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Specific remedies against occupiers

This content applies to England & Wales

Specific remedies for noise caused by an occupier.

Noise at night

It is a common misconception that the police are responsible for dealing with noise at night. Instead, in most situations, the local council's environmental health service is responsible by using its general powers under the Environmental Protection Act 1990 (see the page on Using the Environmental Protection Act 1990 for details). In addition, using the Noise Act 1996, councils can take swift action against occupiers of premises who create excessive and continuous noise at night, eg at a party or with music equipment. If appropriate, the council can confiscate equipment causing the noise.

Implementation of the Noise Act 1996 is voluntary; a council is not obliged to take action under the Act.[1] Initially, for the Act to apply, the council had  to first declare that the Act was operative in part or all of its area. The Act then came into operation at least three months after the declaration was made. However, the power to investigate night noise has been made available to all councils whether or not they have adopted the provisions of the Noise Act 1996.[2]

For a complaint to be investigated, it must be made between 11pm and 7am and relate to excessive noise from a property at that time. A council officer, who is likely to be an environmental health officer, must take reasonable steps to investigate the complaint.[3] The officer needs to decide whether, if measured, the noise would exceed the level permitted for the particular situation.[4] If the officer decides it would, then s/he may serve a warning notice.[5]

The warning notice:[6]

  • is served on any person who may be responsible for the noise, or, if not identifiable, is left at the property where the noise is coming from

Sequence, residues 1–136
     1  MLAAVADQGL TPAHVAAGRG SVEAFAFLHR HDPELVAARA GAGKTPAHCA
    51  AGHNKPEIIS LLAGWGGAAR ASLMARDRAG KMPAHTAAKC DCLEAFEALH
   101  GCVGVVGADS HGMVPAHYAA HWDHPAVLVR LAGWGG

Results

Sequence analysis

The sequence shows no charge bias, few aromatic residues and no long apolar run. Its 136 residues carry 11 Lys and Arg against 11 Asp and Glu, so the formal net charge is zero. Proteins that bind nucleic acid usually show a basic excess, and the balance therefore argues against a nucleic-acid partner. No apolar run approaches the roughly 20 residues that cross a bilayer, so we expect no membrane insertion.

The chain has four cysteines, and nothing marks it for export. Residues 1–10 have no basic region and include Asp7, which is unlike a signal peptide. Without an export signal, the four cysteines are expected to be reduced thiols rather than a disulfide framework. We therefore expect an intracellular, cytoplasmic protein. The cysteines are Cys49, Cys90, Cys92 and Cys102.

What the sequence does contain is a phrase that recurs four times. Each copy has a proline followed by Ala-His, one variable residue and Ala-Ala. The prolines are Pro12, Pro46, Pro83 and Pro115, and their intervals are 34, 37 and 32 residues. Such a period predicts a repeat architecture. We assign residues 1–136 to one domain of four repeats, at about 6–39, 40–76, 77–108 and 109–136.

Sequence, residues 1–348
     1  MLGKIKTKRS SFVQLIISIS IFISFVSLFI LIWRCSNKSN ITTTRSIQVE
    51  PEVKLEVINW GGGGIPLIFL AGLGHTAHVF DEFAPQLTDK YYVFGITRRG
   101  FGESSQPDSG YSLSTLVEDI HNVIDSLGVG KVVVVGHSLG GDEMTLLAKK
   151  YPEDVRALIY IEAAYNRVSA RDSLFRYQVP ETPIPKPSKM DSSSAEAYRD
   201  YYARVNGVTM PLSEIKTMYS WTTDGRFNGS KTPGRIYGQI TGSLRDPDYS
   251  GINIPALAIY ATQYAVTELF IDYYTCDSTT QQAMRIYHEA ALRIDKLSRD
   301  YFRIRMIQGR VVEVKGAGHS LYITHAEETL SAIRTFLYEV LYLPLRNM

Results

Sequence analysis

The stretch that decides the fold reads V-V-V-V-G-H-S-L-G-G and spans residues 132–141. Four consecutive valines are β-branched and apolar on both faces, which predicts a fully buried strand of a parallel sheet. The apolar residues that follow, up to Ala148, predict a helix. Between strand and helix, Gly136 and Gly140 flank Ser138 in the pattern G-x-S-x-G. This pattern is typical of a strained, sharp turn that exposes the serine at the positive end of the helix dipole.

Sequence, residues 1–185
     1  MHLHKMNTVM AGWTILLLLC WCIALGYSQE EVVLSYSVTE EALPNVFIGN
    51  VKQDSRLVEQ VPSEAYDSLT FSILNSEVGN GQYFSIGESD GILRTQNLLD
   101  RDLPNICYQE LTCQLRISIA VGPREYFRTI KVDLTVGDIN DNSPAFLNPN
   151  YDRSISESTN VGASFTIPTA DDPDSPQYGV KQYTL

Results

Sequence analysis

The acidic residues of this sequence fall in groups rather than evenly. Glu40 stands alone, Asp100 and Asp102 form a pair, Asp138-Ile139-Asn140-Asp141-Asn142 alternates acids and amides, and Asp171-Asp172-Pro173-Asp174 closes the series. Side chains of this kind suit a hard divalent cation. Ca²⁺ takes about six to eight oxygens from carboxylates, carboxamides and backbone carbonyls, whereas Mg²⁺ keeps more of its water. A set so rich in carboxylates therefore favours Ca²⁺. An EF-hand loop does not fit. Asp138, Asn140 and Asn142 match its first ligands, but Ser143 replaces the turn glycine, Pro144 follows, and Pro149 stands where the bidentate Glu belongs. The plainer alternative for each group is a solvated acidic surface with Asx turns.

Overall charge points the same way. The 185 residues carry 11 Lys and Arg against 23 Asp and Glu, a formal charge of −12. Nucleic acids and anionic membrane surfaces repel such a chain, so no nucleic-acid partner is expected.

• states that the officer considers that the noise exceeds, or may exceed, the permitted level
  • warns that if the noise does not stop exceeding the permitted level in a period no earlier than ten minutes after the notice is served and before 7am, then any person who is responsible for the noise may be guilty of an offence.

If the notice is not complied with, without reasonable excuse, then any person who is responsible for the noise is guilty of an offence and may be fined.[7] As an alternative to prosecution, the council can serve a fixed penalty notice. This notice gives the person responsible for the noise 14 days to pay a penalty, both in cases of domestic premises or licensed premises.[8]

In addition, if the notice is not complied with, then the officer can go into the property and seize the equipment that is causing it. If entry is refused, then the officer can obtain a warrant from a justice of the peace, giving authority to enter the property, by force if necessary. Any person who obstructs the officer is liable to a fine.[9]

Any equipment that is seized by the council can be kept for up to:[10]

  • 28 days
  • if a fixed penalty notice is served, then until the fixed penalty is paid, or
  • if there are court proceedings for an offence, then until the proceedings end or the court orders otherwise.

Antisocial behaviour

Noise can, in some circumstances, be interpreted as a form of antisocial behaviour. The Crime and Disorder Act 1998 defines antisocial behaviour as acting in a way that causes, or is likely to cause, harassment, alarm or distress to a person not of the same household.[11] Therefore, for noise to be interpreted as antisocial, it is likely to be extreme or to take place in conjunction with other antisocial behaviour. For example, noisy parties that take place as part of a pattern of disruptive behaviour that affects neighbours.